Alabama: Lawsuit Says HIV Inmate Facility Inadequate
November 22, 2002
A lawsuit contends that Alabama's Limestone Correctional Facility in Capshaw, where HIV-positive prisoners are held, does not provide adequate medical care. The suit, filed against the state by Miami attorney David Lipman, claims 12 HIV-positive inmates have died in the 240-person HIV unit of LCF this year. Alabama isolates inmates with HIV from the non-infected inmate population. Prison officials on Wednesday disputed Lipman's claim, saying only nine inmates have died and that there is nothing unusual about that number.
The suit was filed in US District Court in Birmingham on behalf of inmates Antonio Leatherwood, Eric Howard, Jerry Sanford, John Levins and Michael Patrick. Lipman said medical treatment is so bad at the facility that some prisoners had open sores that were left untreated. He claimed that inmates are housed in a dilapidated warehouse with holes in the roof and insect and rat infestations.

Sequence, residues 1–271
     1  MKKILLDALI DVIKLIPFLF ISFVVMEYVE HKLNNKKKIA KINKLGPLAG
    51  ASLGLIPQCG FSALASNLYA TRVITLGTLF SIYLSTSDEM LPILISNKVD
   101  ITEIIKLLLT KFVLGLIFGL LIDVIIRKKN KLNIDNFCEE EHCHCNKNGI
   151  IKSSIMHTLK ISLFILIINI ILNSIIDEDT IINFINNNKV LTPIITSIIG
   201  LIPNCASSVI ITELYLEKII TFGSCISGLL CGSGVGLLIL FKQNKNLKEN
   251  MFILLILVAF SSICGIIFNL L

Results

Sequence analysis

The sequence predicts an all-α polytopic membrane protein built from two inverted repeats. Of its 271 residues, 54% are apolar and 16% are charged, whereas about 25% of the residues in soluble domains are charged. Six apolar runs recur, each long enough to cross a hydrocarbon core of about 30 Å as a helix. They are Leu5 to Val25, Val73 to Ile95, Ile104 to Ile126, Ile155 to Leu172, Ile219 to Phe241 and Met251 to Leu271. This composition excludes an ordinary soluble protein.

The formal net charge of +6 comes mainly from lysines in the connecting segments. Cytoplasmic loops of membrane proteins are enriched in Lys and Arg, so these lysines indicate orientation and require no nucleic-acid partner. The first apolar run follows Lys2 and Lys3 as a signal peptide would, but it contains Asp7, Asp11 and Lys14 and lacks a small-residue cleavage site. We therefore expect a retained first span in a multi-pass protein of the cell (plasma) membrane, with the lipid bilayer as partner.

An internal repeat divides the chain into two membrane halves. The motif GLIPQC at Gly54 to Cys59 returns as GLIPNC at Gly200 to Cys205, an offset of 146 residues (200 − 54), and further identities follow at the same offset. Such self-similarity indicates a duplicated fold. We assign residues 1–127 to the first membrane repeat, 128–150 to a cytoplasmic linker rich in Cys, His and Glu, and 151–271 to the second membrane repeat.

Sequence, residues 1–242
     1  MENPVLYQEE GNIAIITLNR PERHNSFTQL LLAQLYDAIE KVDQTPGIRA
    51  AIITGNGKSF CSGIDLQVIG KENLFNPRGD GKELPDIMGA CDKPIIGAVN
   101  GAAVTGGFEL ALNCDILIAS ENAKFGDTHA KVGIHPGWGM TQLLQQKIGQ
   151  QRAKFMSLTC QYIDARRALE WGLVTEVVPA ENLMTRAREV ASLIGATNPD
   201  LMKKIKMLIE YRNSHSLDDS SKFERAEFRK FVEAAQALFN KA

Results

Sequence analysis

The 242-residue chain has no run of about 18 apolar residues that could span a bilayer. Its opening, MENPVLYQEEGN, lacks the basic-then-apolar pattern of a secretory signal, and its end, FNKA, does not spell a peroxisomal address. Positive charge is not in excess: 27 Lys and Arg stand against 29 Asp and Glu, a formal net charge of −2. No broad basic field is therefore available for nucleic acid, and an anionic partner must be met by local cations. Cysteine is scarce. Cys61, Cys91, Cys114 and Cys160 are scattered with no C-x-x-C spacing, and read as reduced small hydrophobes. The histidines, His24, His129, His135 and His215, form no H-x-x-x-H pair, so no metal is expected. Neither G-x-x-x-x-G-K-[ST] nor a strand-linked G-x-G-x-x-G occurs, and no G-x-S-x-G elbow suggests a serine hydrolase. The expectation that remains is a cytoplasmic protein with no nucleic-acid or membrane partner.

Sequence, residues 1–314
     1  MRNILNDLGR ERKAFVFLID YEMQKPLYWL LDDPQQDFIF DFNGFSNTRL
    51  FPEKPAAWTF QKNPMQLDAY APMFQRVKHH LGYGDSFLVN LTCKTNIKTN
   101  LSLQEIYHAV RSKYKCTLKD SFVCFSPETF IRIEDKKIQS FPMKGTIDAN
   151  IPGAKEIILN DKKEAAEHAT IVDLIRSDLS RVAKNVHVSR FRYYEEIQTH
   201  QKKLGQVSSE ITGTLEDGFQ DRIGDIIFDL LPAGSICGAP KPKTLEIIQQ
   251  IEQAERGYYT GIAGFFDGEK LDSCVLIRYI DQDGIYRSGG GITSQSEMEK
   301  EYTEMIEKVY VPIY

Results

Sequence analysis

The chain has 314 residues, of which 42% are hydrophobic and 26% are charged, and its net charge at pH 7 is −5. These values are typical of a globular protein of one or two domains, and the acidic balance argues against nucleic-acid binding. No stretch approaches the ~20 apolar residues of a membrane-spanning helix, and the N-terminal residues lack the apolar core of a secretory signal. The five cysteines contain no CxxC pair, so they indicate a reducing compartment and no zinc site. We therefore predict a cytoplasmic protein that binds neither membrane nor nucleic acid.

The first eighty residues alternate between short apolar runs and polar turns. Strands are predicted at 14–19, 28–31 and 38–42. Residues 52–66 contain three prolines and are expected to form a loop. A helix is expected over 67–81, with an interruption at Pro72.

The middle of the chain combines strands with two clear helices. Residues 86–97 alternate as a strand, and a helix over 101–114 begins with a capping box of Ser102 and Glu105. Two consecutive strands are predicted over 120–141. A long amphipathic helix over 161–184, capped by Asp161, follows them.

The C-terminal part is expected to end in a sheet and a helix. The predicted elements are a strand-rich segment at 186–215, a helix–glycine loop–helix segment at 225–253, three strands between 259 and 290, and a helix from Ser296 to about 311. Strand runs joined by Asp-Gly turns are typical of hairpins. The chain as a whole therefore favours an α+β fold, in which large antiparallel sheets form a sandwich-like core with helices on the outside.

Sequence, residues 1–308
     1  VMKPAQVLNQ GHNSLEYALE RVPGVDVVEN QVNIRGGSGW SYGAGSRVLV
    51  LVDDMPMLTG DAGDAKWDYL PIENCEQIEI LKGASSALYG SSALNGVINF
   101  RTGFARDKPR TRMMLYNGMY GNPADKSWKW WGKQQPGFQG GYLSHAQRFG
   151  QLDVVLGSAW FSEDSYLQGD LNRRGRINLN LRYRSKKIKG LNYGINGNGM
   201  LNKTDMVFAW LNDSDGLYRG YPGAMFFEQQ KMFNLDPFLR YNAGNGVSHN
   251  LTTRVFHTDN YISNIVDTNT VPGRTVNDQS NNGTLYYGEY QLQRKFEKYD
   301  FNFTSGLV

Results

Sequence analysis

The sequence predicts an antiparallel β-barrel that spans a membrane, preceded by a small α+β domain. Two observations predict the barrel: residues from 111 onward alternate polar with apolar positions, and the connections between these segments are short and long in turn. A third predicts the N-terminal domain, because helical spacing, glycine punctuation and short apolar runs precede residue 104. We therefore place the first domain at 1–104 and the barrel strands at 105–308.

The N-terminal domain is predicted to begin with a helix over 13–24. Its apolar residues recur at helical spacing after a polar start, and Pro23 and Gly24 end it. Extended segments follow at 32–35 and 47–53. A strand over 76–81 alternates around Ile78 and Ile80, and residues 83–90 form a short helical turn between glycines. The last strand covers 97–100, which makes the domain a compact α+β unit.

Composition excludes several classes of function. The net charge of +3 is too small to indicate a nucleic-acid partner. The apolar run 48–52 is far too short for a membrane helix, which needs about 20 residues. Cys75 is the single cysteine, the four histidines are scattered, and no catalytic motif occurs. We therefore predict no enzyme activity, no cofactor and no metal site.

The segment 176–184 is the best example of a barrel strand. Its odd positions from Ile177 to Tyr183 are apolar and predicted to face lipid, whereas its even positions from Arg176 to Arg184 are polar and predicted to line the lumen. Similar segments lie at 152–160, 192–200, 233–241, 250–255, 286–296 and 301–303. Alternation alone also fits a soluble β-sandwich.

Prison warden Billy Mitchem said some HIV-positive inmates suffered a rash or some type of insect bites earlier this year, but that the cause was unknown, and he had not "heard of any complaints about sores in the last two months." Mitchem said the prison renovated the warehouse building in 1994-1995. The building houses 200 HIV-positive inmates with 40 more in protective custody. "It offers more open room, like a bay area, and a yard for exercise," Mitchem said. "Yes, it undergoes repairs from time to time, but we have maintenance for that."
This article was provided by U.S. Centers for Disease Control and Prevention. It is a part of the publication CDC HIV/Hepatitis/STD/TB Prevention News Update. Visit the CDC's website to find out more about their activities, publications and services.